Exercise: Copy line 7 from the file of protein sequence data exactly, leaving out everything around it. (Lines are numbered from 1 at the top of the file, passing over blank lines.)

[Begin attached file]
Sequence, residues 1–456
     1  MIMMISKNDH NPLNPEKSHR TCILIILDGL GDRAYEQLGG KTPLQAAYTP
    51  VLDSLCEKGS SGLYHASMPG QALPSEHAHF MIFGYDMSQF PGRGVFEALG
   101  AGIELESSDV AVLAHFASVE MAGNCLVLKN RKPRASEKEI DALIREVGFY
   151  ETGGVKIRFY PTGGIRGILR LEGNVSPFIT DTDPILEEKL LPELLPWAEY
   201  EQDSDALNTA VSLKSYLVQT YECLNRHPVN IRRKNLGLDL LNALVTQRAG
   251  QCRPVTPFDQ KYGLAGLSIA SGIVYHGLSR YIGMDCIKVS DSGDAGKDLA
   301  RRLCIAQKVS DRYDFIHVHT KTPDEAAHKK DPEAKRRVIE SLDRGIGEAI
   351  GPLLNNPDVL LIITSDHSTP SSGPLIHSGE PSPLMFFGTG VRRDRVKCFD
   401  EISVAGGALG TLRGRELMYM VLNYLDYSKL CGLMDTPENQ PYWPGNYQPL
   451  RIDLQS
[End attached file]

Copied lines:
   251  QCRPVTPFDQ KYGLAGLSIA SGIVYHGLSR YIGMDCIKVS DSGDAGKDLA